In the decade between its initial engagement of the climate change issue and today, Western Fuels has emerged as what environmental writer Ross Gelbspan describes as “an especially aggressive industry player” in defense of coal-fired electricity and fossil fuel use. Western Fuels’ work included publication of a quarterly review of climate change research called World Climate Review between 1992-95. Noting a pattern of climate scare stories beginning a “drum beat” in the weeks before international conferences where government policymakers were under pressure to commit to an anti-fossil fuels agenda, Palmer decided to change the frequency and format of the publication.

World Climate Report, a bi-weekly newsletter, published in cooperation with New Hope Environmental Services is the result. Available on the Internet at <>, World Climate Report’s online content is now folded into the monthly tabloid Environment & Climate News, a joint publication of The Heartland Institute and Greening Earth Society.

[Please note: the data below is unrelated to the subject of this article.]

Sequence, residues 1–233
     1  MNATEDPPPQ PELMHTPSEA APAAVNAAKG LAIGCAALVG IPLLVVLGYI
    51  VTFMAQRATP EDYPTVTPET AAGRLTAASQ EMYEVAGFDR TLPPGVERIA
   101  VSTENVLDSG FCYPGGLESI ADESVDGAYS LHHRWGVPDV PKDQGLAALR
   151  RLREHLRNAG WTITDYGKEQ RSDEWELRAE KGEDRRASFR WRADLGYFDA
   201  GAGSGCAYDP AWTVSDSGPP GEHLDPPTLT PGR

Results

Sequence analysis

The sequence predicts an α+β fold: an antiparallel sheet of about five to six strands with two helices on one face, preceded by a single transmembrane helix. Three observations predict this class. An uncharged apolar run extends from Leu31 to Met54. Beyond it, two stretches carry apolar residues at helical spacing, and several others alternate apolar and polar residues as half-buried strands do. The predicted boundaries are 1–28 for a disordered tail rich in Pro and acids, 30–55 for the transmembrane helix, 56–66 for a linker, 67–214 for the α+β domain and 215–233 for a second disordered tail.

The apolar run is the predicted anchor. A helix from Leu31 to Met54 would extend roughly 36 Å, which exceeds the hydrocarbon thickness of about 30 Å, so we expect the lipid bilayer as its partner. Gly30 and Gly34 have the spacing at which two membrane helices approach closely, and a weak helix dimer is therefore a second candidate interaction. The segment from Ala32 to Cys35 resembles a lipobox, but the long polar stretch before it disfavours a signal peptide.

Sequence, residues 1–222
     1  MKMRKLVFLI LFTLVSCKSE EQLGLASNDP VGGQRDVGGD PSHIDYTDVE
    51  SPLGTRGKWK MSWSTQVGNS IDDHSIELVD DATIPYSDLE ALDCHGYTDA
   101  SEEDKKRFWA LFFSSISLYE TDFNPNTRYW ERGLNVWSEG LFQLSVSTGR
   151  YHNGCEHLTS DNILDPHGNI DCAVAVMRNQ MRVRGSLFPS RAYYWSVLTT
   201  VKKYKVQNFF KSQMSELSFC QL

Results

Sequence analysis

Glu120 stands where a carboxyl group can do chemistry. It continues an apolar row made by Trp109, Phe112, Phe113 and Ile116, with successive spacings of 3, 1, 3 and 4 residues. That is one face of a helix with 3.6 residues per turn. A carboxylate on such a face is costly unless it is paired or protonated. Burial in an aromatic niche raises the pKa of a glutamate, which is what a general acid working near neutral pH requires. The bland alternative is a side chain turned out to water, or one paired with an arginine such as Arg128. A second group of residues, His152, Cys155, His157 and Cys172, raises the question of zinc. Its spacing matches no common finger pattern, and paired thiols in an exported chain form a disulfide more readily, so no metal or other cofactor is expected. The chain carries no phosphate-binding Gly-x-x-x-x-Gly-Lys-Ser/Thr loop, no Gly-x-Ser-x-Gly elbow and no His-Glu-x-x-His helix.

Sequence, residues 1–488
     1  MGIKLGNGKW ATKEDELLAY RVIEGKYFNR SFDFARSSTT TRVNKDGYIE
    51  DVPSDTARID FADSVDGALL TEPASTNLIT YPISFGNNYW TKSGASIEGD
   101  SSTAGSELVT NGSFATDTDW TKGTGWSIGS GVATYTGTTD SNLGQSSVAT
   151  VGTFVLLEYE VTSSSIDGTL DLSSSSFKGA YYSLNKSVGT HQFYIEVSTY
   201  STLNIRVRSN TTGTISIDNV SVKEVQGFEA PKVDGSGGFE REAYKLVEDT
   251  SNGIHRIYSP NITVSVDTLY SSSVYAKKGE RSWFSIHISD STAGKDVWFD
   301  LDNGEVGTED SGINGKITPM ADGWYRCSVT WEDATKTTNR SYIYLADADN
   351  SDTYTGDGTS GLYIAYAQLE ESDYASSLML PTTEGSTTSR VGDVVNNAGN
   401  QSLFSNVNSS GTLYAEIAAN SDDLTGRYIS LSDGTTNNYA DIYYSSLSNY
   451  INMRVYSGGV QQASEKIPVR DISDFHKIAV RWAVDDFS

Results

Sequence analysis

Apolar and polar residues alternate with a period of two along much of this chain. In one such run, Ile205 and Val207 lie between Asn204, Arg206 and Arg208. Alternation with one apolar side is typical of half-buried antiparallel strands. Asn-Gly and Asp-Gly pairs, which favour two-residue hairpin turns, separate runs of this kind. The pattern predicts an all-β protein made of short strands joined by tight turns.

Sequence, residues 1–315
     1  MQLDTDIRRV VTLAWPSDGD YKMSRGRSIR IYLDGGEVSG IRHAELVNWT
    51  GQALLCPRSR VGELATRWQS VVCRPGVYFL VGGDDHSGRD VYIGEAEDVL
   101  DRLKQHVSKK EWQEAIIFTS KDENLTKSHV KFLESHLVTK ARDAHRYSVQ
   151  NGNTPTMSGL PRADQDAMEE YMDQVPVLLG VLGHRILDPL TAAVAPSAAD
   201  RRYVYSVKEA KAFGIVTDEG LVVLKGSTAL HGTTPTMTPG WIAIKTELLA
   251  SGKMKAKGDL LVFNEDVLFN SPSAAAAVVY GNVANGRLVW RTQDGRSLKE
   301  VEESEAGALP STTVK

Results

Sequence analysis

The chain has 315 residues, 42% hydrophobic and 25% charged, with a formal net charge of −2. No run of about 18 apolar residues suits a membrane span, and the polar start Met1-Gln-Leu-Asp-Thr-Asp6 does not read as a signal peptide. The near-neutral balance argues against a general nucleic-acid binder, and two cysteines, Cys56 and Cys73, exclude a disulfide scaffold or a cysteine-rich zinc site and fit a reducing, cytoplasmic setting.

Along the way, Earth Day has become an annual occasion to release a compilation of climate-change essays called State of the Climate Report. Each year, copies are hand-delivered to each Member of Congress on April 22nd.

In its defense and advocacy of coal-fired electricity, Western Fuels funded a series of reports by Mills McCarthy & Associates on the importance of coal to the U.S. and world economies. Western Fuels’ advocacy has been a basis of repeated congressional hearings and media coverage probing Western Fuels’ role in challenging those who define climate change as “the greatest environmental threat of the century.”

Like the ranchers who created it, Western Fuels stands upright in the searing winds that blow out of that place where international, professional environmentalism joins with a domestic political ideology that is intent upon imposing “a wrenching transformation of society” on life in the West.

Ned Leonard manages communications and advocacy programs for Western Fuels Association.

Bob Gillespie at age 64, has lived on
the same ranch in Springer, New
Mexico, all his life, a place where his
grandparents homesteaded in the
1890s. The ranch is on rolling land
“about 30 miles as the crow flies” to
the mountains. At 6,500 feet, it can get
“pretty cold” in the winter. July and
August bring rain although there are